Indifference is not characteristic of the liturgy
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A blog of the Evangelical Lutheran Liturgy

How far we’ve veered . . .


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First of all it should be noted here that early Lutheranism was acquainted with daily services as a matter of principle. Sundays were observed, as far as possible, with Matins and the the chief service (the service with the Lord’s Supper) in the morning, and with a catechism sermon or catechism instruction and Vespers in the afternoon. Insofar as they were sung, the weekday services [i.e., Monday through Saturday], whose roots can be seen in the Catholic daily service, were generally carried by Latin school students in cities having these; the services consisted of Matins and Vespers, and therefore were essentially liturgical. In larger cities a daily sermon or summaries and the Litany might also have been included. In the country, where there were no advanced school students, if a preaching service could not take place on Wednesday and Friday, prayer hours were to be held at the minimum. Saturday was designated as a day for confession. The week was to be a miniature mirror of the church year, with Sunday recalling the Resurrection, Wednesday and Friday the Passion Week. In many places, such as Amberg, Regensburg, Nürnberg, and Magdeburg, the so-called Tenebrae was sung during Matins on Fridays with solemn bell tolls in remembrance of Christ’s death as in the Catholic period. On Thursdays in Nürnberg and Amberg, a Mount of Olives devotion that had grown from the Maundy Thursday Matins was observed; responsories and bell tolling in this devotion fostered thoughts of Christ sweating blood. The tradition of Catholic votive masses lived on in the numerous evangelical penitential services; thus the corresponding evangelical service orders knew masses for peace, for rain and good weather, and for remission of sins (pro pace, pro pluvia et serenitate, pro remissione peccatorum). Aside from this, the evangelical weekday services were particularly structured in accordance with an occasion or time of the church year; the Ember Days and Lent, for example, profoundly bolstered doctrine by means of catechism sermons.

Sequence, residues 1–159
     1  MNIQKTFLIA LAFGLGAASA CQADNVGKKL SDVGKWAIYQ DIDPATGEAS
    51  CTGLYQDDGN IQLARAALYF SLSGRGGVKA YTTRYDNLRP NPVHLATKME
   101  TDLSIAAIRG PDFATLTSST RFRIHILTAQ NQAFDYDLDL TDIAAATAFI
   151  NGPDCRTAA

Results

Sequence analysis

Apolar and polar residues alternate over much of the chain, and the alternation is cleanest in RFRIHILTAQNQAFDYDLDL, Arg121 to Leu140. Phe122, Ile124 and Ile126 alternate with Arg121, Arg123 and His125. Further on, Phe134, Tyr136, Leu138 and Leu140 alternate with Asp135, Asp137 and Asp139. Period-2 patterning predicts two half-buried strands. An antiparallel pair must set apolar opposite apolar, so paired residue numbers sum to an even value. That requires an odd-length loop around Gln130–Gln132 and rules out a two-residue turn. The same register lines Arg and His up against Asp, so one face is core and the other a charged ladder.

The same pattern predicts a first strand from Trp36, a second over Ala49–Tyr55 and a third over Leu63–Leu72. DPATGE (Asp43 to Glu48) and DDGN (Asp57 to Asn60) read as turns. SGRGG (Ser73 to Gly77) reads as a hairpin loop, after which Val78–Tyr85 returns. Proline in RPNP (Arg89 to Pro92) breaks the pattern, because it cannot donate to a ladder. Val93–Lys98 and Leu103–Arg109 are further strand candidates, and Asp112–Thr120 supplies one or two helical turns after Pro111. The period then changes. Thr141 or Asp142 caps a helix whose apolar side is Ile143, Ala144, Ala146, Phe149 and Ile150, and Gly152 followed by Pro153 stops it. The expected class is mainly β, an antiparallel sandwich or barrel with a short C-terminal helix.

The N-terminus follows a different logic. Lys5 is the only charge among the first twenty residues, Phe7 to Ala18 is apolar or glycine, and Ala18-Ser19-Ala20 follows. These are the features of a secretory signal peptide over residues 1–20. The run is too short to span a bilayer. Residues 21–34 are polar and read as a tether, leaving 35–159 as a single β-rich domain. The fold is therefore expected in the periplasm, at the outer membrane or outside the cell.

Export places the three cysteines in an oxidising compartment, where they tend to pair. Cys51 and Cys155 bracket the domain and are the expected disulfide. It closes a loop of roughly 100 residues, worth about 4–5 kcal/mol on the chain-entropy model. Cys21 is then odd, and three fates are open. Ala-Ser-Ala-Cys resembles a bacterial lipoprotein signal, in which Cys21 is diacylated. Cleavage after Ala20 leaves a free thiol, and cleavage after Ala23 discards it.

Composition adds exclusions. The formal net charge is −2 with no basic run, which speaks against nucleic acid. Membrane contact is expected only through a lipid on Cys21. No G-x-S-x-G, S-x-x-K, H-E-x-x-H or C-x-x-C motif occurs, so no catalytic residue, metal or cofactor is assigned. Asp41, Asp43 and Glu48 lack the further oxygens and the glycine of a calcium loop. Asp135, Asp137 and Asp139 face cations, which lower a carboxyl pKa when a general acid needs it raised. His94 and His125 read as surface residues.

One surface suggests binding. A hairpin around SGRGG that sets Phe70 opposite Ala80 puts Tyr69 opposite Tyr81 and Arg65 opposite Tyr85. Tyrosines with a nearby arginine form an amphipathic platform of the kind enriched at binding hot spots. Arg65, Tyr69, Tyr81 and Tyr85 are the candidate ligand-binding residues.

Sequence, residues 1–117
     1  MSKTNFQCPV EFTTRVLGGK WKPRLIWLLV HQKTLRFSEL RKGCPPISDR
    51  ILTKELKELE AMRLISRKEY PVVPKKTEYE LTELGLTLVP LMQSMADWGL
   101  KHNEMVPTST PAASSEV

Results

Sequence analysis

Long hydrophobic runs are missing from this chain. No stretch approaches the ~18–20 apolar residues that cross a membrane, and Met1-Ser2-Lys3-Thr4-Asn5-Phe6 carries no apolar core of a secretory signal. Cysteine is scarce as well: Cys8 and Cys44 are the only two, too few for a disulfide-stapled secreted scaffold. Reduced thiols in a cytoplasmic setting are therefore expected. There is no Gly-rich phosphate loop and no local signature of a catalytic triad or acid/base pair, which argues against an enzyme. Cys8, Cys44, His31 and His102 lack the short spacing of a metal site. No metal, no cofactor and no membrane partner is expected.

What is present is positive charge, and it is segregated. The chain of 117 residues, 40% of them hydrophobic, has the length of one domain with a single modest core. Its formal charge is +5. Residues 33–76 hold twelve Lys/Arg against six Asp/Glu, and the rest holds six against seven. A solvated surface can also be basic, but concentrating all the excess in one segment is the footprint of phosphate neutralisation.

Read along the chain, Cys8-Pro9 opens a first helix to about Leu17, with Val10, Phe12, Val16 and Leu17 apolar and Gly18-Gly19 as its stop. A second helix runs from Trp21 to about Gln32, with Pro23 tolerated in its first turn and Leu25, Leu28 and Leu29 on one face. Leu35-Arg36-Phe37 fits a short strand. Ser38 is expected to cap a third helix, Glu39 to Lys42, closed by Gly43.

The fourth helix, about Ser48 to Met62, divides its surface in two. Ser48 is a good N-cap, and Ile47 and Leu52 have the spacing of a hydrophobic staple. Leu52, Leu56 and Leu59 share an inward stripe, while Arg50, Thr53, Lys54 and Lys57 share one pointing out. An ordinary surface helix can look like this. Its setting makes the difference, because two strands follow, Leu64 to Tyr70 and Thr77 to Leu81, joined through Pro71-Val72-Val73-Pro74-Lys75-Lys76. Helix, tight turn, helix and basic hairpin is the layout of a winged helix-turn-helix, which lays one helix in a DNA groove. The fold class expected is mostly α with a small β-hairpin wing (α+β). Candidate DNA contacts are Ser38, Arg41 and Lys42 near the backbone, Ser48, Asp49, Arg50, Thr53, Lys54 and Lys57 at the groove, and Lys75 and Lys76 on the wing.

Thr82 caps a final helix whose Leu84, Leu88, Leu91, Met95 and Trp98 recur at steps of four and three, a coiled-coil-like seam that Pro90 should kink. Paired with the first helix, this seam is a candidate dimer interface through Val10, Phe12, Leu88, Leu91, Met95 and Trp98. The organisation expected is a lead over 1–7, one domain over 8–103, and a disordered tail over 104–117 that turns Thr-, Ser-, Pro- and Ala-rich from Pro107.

— Ernst Walter Zeeden, Faith and Act: The Survival of Medieval Ceremonies in the Lutheran Reformation, (St. Louis, MO: CPH, 2012), 8–10.